MOUNT VERNON — Does every property owner pay his or her fair share of property taxes? That seems to be the question at the heart of recent actions taken by the Mount Vernon City School District and the Knox County Board of Revisions.
The school district asked the Board of Revisions to reevaluate several properties to ensure the buyer was being charged the correct amount of property tax on the parcels. School treasurer Barb Donohue said it was an effort to make sure other taxpayers are not unfairly picking up the difference in taxes on the previous value and the true sale, or market, value. Because property values are based on an average of the neighborhood property values, if the new owner pays taxes on the actual (higher) sales value, the theory goes, taxes for other residents in the district will then go down.
Knox County Commissioner Allen Stockberger, who serves on the Board of Revisions along with Knox County Auditor Jonette Curry and Knox County Treasurer Sandra Mizer, said it’s a complex matter, and there has been confusion and miscommunication on many levels.
“In the big picture,” Stockberger explained, “Donohue’s theory is valid, but here is an example. AEP recently bought a property that was previously listed as agricultural. Since they paid a commercial/industrial price, that is more than the current assessed value. So, after the appeal by the school district, AEP will pay more for two or three years. The taxes for other district residents, however, will not go down, if at all, until the triennial update.”
Curry explained the triennial update as follows: “Every three years, county property sale prices are accumulated. For this triennial, all sales prices for 2008, ’09 and ’10 will be submitted to the state. The state will then determine what the average [assessed value] should be. The current average for Knox County is about 91 percent.”
“The cases filed by the school board in 2010, which are for tax year 2009, have been settled at 91 percent of actual sales price,” Curry added. “The owner, however, is still only taxed on 35 percent. Say we agree we are going to tax that taxpayer at 91 percent of the sale price. Whatever magic number that is, we’re going to multiply that by 35 percent to get their assessed value, which is then what their taxes are based on.”
“We’ll go to 91 percent of the sale price for the 2009 tax year,” said Stockberger. “Since 2011 is a triennial update year, that value is most likely to go back down some. It [the sale price] will figure in the (county) average and reflect the community neighborhood values.”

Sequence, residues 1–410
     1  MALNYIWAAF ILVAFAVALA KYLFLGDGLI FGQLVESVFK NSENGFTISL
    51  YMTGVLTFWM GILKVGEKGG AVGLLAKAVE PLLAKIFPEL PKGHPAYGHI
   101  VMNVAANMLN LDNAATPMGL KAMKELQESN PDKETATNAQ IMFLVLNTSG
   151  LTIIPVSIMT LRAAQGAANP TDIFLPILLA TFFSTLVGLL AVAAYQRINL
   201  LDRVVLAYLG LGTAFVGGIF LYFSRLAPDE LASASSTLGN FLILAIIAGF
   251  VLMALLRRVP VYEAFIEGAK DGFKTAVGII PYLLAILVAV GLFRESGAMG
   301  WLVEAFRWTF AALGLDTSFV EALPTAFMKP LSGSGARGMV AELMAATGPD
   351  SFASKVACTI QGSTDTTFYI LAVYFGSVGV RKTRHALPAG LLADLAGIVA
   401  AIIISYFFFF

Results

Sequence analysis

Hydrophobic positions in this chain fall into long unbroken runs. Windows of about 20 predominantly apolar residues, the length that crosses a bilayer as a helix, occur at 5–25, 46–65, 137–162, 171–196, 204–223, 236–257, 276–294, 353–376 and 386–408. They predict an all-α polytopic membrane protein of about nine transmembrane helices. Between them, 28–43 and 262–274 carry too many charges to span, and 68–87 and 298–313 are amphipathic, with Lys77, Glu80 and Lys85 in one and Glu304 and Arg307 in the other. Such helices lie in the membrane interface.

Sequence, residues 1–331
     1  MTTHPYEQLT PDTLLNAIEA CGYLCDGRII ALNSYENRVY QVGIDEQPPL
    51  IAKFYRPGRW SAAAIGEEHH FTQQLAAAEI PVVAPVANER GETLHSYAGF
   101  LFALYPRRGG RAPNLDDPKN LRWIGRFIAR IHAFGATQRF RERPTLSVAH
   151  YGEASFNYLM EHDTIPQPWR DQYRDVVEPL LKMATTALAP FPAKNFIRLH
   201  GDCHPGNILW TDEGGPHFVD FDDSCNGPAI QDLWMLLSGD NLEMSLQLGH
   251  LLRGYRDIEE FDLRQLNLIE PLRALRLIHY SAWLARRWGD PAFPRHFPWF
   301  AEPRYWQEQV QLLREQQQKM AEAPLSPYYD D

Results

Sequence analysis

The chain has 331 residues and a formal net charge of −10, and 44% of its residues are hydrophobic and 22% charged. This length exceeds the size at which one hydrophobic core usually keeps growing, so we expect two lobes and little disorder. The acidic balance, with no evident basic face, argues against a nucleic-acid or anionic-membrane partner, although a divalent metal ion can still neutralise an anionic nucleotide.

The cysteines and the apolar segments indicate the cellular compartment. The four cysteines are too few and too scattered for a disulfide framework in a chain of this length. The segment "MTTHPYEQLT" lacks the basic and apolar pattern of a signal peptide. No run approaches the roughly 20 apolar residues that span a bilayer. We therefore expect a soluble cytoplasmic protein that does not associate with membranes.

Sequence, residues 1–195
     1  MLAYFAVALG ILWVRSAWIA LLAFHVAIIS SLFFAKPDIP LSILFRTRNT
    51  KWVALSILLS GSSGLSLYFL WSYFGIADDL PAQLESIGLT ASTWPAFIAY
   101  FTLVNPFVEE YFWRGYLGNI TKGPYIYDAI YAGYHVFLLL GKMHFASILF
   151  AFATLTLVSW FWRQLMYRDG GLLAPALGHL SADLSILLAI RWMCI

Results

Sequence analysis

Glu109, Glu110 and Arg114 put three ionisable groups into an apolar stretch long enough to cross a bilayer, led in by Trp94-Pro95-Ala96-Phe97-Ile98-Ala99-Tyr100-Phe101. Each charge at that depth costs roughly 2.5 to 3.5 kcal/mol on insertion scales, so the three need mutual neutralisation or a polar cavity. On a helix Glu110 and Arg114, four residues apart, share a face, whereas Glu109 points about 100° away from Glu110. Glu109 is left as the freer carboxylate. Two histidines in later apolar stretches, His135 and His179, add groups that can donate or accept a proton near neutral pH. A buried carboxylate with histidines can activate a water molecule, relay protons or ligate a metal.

The board of revisions, Stockberger said, hasn’t had a lot of experience with appeals that say a property is worth more than its assessed value. “Typically, most of the complaints we handle are the other way around. People say their property is not worth as much as we say it is. We’re not accustomed to people complaining that we didn’t have it valued high enough, as the school district has done in some, mostly commercial, cases. A classic example is the Kroger case.”
Curry gave the specifics. “In the case of the Kroger purchase of Bullock’s Smoke Shop on Coshocton Avenue, we had it appraised at $269,830. The actual purchase price was $1 million. We now have it valued at $915,390, or 91 percent.”
One positive thing that has come out of this, Curry said, is that the auditor’s office is looking more closely at conveyance forms filed by the purchaser, title company or realtor.
“In one case,” she said, “the conveyance form listed the total sale price on a commercial property. That’s why the school filed the original complaint, because their indicator is the sale price. Because of this [appeals] process the schools have opted to go on the originals, it has made the parties involved aware that possibly the conveyance form wasn’t completed correctly. There’s a total price, but did the form indicate all the different things that make up the sale price? You have to separate out the cost of the real estate with other items involved in the sale. The buyer came in and gave us some additional information pertaining to tangible items that were included in the total and we adjusted the real estate value accordingly.”
“We’ve run into several situations like that,” Stockberger said, “where someone’s bought a commercial business, and, unfortunately the person filing the conveyance form for them includes everything. Not only does that skew the record for the true value of the real estate, but they’re actually paying more in conveyance fees than they really need to.”
The appeals filed in 2009, which are for tax year 2008, have not yet been resolved. Curry said those cases are sitting in Columbus with the Board of Tax Appeals. Because of a large backlog, the BTA may not be able to schedule a hearing on them for three to four years. Therefore, Curry said, the BTA has asked the county to mediate the disputes. Letters concerning the mediation process will be sent to the property owners involved, she said.
Several of the tax year 2008 cases, Curry said, involve agricultural property which is taxed on a Current Agricultural Usage Valuation. That means the tax is not based on market value or actual purchase price; it is based on the soil type found on the property. Stockberger said changing the market value on those properties, as requested by the school district, would not result in higher taxes for the property owner nor would the school district get more money for that property.